New USAID appointee’s transfer is “being greeted with all the excitement of a root canal”

 

 

Ambassador Mark Green Steps Down as USAID Administrator

On March 16, 2020, USAID Administrator Mark Green announced his plans “to leave USAID and return to the private sector next month.” He served for two and a half years at USAID. He said “With the vision and dedication of the men and women of USAID, the Agency has done unceasing and robust work to change and improve the power of foreign assistance to help our partner nations on their Journeys to Self-Reliance. The purpose of foreign assistance is to end the need for its existence. The work of USAID every day provides a powerful return on investment to the American taxpayers for our national security, our economic growth – this generosity is simply in our DNA as a country.”
Ambassador Green officially ended his tenure on April 10, 2020. Three names have been reported as potential successor:  Jim Richardson (currently State/F)  and Pompeo’s chief of staff when he was at the U.S. House of Representatives; Rep. Ted Yoho, a Republican from Florida; Ed Royce, the former Republican congressman from California and chair of the House Foreign Affairs Committee (HFAC).

Related posts:

 

Snapshot: USAID’s Program Cycle Framework

Via state.gov

USAID implements an integrated Program Cycle Policy (Automated Directive System [ADS] 201), USAID’s framework for planning, implementing, assessing, and adapting programs that support countries to advance their journey to self-reliance. The Program Cycle provides policy and procedures for making strategic programming decisions to ensure effective use of foreign assistance resources. The guidance integrates continuous learning throughout all Program Cycle components to inform adaptive management and improve achievement of results. Robust monitoring and evaluation practices provide feedback on progress in achieving short- and long-term objectives.

Related post:
Snapshot: StateDepartment’s Managing for Results (MfR) Framework 

Snapshot: OFDA’S Percent of Disaster Declarations Responded to Within 72 Hours

 

Via State Department FY 2018 Annual Performance Report | FY 2020 Annual Performance Plan
(PDF/p.171)

Performance Goal 3.4.6: Humanitarian Assistance Performance Goal Statement:

By 2022, the United States will increase the timeliness and effectiveness of responses to U.S. government-declared international disasters, responding to 95 percent of disaster declarations within 72 hours and reporting on results. (USAID) Performance Goal Overview/Progress Update The Joint Strategic Plan (JSP) explains that the Department and USAID will support needs based humanitarian assistance through multi-sectoral programs that provide relief from crises, conflicts, and natural disasters. Collaboration with donors and host countries will help identify solutions to displacement, protect populations at risk, reduce the risk of disasters, and foster resilience. USAID/OFDA is the U.S. Government’s lead federal coordinator for international disaster response. The Office’s mandate is to save lives, alleviate human suffering, and reduce the social and economic impacts of disasters worldwide. Responding efficiently to disasters is critical for USAID/OFDA to implement its mandate. As such, this PG aims to ensure that USAID/OFDA continues to respond to disasters rapidly and efficiently.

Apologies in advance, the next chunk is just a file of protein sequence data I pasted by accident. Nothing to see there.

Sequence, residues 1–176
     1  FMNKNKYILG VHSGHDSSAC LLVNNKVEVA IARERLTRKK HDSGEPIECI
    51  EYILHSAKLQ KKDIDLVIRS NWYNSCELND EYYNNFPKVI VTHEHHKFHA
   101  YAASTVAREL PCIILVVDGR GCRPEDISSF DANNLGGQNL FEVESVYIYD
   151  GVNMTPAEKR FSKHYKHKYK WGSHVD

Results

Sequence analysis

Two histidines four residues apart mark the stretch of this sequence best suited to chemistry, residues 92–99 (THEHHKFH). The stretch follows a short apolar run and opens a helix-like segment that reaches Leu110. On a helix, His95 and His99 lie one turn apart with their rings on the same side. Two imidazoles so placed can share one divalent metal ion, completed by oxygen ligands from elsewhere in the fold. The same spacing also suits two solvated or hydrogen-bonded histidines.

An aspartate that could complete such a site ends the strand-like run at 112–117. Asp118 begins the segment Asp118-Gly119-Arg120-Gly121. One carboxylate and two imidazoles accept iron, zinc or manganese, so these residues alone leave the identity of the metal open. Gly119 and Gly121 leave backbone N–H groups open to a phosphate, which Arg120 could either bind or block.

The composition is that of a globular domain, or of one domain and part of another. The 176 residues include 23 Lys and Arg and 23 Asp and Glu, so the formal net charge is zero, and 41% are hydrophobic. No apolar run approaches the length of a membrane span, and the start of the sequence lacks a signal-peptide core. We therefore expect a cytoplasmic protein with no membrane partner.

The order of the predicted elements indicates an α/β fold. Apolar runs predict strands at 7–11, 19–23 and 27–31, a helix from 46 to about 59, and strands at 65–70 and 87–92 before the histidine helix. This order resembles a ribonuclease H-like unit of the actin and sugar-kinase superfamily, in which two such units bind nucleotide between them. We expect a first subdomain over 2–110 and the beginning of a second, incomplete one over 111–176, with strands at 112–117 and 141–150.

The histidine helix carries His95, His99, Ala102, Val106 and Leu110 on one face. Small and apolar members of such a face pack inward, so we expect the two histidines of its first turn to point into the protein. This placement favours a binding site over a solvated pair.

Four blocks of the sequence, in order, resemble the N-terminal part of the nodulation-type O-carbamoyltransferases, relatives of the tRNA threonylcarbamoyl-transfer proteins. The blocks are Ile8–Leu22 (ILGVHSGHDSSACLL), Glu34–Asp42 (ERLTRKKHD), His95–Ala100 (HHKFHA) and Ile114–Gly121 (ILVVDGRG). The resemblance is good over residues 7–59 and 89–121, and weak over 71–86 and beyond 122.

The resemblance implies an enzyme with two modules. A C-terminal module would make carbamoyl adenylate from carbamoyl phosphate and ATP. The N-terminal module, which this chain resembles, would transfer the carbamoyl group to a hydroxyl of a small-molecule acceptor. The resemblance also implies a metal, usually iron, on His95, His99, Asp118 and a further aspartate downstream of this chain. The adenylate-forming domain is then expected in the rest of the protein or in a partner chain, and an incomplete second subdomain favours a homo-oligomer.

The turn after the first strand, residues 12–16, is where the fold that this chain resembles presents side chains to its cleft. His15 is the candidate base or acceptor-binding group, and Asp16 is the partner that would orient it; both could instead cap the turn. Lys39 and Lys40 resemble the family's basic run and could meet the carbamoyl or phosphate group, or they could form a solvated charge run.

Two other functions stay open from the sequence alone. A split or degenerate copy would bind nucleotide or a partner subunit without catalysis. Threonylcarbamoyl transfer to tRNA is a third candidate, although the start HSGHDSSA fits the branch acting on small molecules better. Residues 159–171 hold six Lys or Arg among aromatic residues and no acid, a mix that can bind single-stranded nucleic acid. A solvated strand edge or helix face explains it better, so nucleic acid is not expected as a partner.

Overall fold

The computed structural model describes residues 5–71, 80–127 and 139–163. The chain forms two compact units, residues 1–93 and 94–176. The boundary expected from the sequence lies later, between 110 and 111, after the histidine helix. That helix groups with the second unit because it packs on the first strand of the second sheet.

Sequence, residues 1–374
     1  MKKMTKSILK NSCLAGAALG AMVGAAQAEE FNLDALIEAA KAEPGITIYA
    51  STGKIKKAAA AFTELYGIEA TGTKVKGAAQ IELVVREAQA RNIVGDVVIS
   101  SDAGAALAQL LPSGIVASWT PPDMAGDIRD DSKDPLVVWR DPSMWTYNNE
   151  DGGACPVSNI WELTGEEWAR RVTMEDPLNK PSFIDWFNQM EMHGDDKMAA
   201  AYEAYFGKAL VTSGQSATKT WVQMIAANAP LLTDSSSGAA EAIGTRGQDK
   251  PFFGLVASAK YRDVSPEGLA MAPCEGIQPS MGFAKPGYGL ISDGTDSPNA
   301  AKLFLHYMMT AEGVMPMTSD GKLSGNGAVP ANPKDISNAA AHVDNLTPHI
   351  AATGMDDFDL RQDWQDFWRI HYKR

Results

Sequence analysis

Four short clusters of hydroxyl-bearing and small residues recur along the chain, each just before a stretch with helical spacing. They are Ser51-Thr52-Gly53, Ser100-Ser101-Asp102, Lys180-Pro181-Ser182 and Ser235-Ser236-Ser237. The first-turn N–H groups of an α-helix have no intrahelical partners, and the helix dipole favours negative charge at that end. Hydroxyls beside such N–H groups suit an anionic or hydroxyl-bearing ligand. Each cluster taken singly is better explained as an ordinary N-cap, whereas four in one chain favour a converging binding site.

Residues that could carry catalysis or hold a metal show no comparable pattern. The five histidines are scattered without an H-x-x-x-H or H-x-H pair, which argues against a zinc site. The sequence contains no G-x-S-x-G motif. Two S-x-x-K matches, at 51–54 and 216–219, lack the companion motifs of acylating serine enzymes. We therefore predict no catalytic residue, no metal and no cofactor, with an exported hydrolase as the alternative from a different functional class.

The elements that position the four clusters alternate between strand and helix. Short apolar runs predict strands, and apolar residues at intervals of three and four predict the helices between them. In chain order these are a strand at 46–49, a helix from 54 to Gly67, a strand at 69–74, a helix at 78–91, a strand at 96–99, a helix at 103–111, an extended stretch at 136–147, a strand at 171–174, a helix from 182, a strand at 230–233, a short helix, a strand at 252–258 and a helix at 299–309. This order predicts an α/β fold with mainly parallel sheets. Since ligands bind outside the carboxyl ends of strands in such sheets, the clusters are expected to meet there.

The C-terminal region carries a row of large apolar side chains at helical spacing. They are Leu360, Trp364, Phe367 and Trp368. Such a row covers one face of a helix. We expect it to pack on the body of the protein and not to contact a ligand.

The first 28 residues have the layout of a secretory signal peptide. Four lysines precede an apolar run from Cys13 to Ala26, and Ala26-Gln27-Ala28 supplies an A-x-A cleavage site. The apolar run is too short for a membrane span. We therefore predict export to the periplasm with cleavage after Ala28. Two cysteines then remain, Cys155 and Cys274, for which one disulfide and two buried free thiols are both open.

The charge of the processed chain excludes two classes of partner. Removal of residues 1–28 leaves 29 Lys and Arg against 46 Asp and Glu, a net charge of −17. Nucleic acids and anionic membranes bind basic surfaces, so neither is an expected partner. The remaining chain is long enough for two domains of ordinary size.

Key Indicator: Percent of disaster declarations responded to within 72 hours

Indicator Analysis The above figures provide a summary of USAID/OFDA’s immediate responses to new disaster declarations only, as measured by the release of a disaster response cable or submission of an email response with fund cite information within 72 hours of a disaster declaration cable’s circulation; the figures do not take into account disaster redeclarations or adjustments to end-of year disaster response totals.

Note that two of the three delayed response cables in FY 2018 were for Sensitive But Unclassified (SBU) responses related to a politically sensitive complex emergency of high interest to the interagency. The sensitive political nature of these U.S. Government responses necessitated exceptional levels of intra-agency and interagency coordination, which created a lag in USAID/OFDA’s normal response timeframe. Had these delays not occurred, USAID/OFDA’s rate of response within 72 hours would have been 96 percent for FY 2018.

Indicator Methodology USAID/OFDA will source data from 1) an internal program-management database that keeps a record of official cables; 2) Senior Management Team notification of the deployment of a Disaster-Assistance Response Team or the activation of another assistance team; and 3) Information Support Unit records of a disaster declaration. Document review will provide the needed information.

Confirmations: Biegun as Deputy Secretary, 11 Ambassadors, 3 Foreign Service Lists

 

On Thursday, December 19, the U.S. Senate adjourned for the 116th Congress, First Session. Senate Leader Mitch McConnell announced that the Senate will reconvene for the 116th Congress, 2nd Session, at 12:00 pm on Friday, January 3rd, 2020.
Prior to leaving town, the Senate confirmed the nomination of Stephen Biegun as the State Department’s Deputy Secretary. It also confirmed the nomination of 11 ambassadors, one USAID Assistant Administrator, and three Foreign Service lists.